Things have gotten quieter lately on the graphic suffering front, but the eighth entry in the Saw franchise arrives this weekend after a seven-year dormant period for the franchise, hoping to rekindle your interest in torture tourism. Were the Saw movies actually good enough to merit bringing this beast back out of retirement?
John Kramer, played by Tobin Bell wanted to weed out the deviants and the ungrateful — but he typically gave victims a chance to redeem themselves and reclaim their souls with a fresh perspective on how to truly cherish the gift of life.
None of these movies is good compared to, say, The Shining, but compared to one another, there are true winners and losers here. Saw 3D Signature device: The flashbacks are constant, filling in the ever-retconned backstory of John Kramer and his minions.
The death traps come at such a rapid pace, you wonder who has time to set up all these elaborate games, one of which features the late Chester Bennington not saying one line, but rather, screaming through an entire scene. Meanwhile, Bobby the poseur has to work through a murder labyrinth to save his wife, but that game is mostly a distraction from the fact that Dr.
Lawrence Gordon Cary Elwes from the first Saw has resurfaced — and is revealed as an accomplice of Jigsaw from the very beginning. Gordon — down one foot because he had to hacksaw one off to survive his death game — resurfacing as a top Jigsaw disciple just makes everyone in this universe seem far too willing to join forces with a man who mutilated them in the name of tough love. Saw IV Signature device: But there are limits to entertaining brutality, and IV crosses them.
Jigsaw victims in this chapter are punished for offenses like child abuse and sex crimes, and if violence is going to be your calling card, you have to make a choice: You thought Donnie Wahlberg died in II? None of this even has anything to do with the A plot, which is that SWAT guy Reggie — who was introduced in II — now has to survive a Jigsaw game to save a pair of fellow officers.
Also, even though the movie begins with the body of John Kramer being autopsied, the movie whiplashes you in the climax, revealing that IV actually took place in a concurrent timeline with III, with the characters and narratives colliding in the triage operating theater featured in that third movie. Despite how assaulting they are, Saw movies are actually best binged like a TV show — think of it as American Horror Black Mirror Story — because there are so many threads to hold on to, you need to watch as fast as possible to keep up.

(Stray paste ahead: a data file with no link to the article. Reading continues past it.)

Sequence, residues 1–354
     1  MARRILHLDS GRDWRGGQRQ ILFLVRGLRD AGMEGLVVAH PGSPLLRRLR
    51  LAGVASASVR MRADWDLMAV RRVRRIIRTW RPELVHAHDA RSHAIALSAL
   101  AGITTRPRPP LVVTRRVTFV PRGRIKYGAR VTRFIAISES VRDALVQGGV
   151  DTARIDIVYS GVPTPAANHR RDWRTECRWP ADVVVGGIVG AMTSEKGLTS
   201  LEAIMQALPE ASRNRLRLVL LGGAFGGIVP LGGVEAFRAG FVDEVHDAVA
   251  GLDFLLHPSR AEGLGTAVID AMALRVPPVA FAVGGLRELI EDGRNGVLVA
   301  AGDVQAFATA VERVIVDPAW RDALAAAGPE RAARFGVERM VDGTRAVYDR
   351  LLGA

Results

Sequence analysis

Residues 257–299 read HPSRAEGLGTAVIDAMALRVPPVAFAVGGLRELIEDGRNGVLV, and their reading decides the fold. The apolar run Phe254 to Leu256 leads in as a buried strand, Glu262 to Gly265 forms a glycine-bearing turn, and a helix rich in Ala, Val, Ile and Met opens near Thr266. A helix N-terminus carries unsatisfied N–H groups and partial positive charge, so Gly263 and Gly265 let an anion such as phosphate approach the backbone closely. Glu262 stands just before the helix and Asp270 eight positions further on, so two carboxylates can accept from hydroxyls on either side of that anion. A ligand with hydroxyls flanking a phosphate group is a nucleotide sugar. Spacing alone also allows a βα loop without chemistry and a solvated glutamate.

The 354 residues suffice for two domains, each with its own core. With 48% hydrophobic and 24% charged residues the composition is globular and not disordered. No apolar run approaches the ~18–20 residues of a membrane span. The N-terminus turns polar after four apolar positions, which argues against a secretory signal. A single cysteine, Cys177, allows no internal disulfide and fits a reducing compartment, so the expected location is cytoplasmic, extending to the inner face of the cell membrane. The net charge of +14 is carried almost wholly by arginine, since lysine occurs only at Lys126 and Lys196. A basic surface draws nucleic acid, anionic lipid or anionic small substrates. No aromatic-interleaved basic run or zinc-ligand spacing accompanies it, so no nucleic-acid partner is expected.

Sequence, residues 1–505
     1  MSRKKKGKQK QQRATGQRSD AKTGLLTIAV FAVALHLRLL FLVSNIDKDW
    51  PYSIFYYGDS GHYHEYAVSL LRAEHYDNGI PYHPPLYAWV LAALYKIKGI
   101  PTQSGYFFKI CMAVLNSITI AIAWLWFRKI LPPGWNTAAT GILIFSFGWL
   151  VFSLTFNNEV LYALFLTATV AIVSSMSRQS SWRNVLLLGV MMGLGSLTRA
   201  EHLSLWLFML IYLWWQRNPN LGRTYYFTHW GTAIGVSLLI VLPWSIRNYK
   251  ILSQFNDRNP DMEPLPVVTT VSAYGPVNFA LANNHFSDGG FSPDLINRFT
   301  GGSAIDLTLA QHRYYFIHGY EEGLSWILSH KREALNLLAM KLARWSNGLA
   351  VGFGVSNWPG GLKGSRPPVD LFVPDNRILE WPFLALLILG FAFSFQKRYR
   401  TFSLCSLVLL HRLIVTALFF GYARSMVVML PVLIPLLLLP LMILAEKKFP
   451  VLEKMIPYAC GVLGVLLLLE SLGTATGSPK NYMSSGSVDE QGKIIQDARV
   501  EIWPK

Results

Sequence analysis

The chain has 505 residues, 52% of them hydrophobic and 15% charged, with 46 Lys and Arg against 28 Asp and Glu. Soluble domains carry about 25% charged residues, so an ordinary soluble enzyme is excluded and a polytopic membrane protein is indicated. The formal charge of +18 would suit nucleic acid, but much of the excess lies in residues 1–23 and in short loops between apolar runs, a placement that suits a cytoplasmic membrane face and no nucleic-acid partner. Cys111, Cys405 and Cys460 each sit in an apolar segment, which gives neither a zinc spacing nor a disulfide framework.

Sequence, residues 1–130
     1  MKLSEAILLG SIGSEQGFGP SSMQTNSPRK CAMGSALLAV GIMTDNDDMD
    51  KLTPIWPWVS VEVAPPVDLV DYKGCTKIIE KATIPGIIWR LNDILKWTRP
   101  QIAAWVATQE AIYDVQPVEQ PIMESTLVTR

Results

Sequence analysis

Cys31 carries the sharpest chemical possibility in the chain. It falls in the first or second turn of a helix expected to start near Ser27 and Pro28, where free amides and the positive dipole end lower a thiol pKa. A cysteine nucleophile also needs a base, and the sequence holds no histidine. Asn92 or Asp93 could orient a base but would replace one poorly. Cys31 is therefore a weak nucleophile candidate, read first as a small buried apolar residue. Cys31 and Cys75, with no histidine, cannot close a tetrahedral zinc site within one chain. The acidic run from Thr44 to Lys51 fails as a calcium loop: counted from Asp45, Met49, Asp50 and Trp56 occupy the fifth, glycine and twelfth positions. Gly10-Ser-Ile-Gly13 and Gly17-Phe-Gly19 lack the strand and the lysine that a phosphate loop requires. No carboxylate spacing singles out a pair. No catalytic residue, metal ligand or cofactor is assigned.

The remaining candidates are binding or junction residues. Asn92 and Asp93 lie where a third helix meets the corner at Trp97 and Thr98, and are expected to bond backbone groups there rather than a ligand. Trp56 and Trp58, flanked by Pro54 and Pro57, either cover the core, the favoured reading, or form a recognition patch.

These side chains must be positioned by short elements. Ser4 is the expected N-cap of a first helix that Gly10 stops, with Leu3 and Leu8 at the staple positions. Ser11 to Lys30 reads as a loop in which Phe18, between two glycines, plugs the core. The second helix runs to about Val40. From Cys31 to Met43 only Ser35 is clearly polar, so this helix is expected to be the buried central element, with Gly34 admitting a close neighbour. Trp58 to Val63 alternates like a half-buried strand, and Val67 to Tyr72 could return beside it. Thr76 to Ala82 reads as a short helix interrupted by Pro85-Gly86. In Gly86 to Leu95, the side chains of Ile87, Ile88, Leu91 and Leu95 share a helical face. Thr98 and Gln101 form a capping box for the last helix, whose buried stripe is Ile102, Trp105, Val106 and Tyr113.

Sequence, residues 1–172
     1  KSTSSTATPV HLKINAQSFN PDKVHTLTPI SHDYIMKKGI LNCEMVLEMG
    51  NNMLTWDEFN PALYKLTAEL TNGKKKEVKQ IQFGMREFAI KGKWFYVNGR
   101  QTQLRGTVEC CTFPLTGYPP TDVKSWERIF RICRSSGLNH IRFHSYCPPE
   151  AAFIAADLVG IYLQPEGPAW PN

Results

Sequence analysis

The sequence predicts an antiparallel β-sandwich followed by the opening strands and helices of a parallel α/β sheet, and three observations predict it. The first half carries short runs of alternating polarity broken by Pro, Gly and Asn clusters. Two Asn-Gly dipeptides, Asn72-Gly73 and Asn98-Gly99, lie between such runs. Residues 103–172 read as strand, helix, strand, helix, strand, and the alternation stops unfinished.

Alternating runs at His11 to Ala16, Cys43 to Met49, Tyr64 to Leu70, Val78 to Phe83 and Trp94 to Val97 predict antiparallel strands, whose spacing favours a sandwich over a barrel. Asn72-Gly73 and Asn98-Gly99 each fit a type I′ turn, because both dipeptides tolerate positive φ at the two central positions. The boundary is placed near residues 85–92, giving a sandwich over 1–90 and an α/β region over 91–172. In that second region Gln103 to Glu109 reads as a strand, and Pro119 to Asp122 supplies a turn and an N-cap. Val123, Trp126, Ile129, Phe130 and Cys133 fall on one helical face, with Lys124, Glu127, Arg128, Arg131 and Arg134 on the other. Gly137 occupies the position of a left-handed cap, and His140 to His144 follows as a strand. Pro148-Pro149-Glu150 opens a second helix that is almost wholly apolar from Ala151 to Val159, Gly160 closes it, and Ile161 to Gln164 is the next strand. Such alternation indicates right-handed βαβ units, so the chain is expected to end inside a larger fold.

It just starts to feel like cheap tricks. Jigsaw Signature device: Saw cleans up pretty well in these modern times: This is the first movie that actually looks sort of expensive, and it trades the sickening green color palette of the first seven efforts for actual daylight. Based on a visible license plate, it looks like Saw takes place in New Jersey, and Jigsaw finally makes the state look like something other than a dreary companion universe to Silent Hill.
The main game in the torture barn drags, with long gaps between rounds of punishment. The seventh sequel is not an unwelcome entry, but it does hang around the low-middle of the pack.
Saw V Signature device: The blood-collecting table saw This one is fun because its central conflict is purely entertaining. That is a lot of narrative stacking, and further emphasizes the serial-TV nature of the franchise, which is both a pro and a con.
The main game in V, though, is one of the best: Saw III Signature device: Amanda is now fully part of the story as his lieutenant, working to become his successor after his terminal cancer finally claims him.
III is particularly plot-heavy: The man Jeff encounters drowning in a vat of freshly milled, rotting pig intestines is the franchise at peak gross. Related Stories Vulture Asks: What Are the Best Revenge Movies? As with all Saw movies, every element is connected, but by III, the plot starts requiring some yarn to keep track of. How many tasks can a few serial killers possibly take on? The answer is, more than you could possibly imagine. There are extra points for emotional nuance, and that keeps III from drowning in an ocean of sameness.
On the downside, Dina Meyer dies in the rib separator , and she is missed. Saw VI Signature device: The acid injector A very entertaining thing happens in the sixth movie: Saw tunes into society at large and focuses its punishment on predatory lenders and amoral insurance companies.
Pretty much everyone put through a Jigsaw test in this movie earns their living by exploiting high-risk mortgage recipients or revoking medical insurance from people with preexisting conditions.
Saw was always a morality tale, but VI lines up the hammer and hits the nail square on the head. A police detective who has taken over as the heir to Jigsaw is trying to outsmart the FBI. One presumed-dead character comes back, and there are lots of flashbacks to Team Jigsaw rigging traps together that were showcased earlier in the franchise. Saw II Signature device: A bunch of people in a huge torture maze have to find their way out by following all of the sacred rules.
Saw Signature device: The iconic reverse bear trap Upon revisitation, the original Saw is practically quaint compared to the rest of the series, which levels up the gore and transforms the simple starting plot into a Byzantine rat maze of interlocking and overlapping narratives.
In Saw, Cary Elwes plays Dr. As with all Jigsaw games, the men must perform extreme acts of mental and physical violence to prove that they deserve their lives. The elaborate devices constructed to inflict pain were innovative at the time. The scenes in the parking garage and the dark apartment, lit only by camera flashes, remain chilling. Saw holds a deserving place in horror-film history.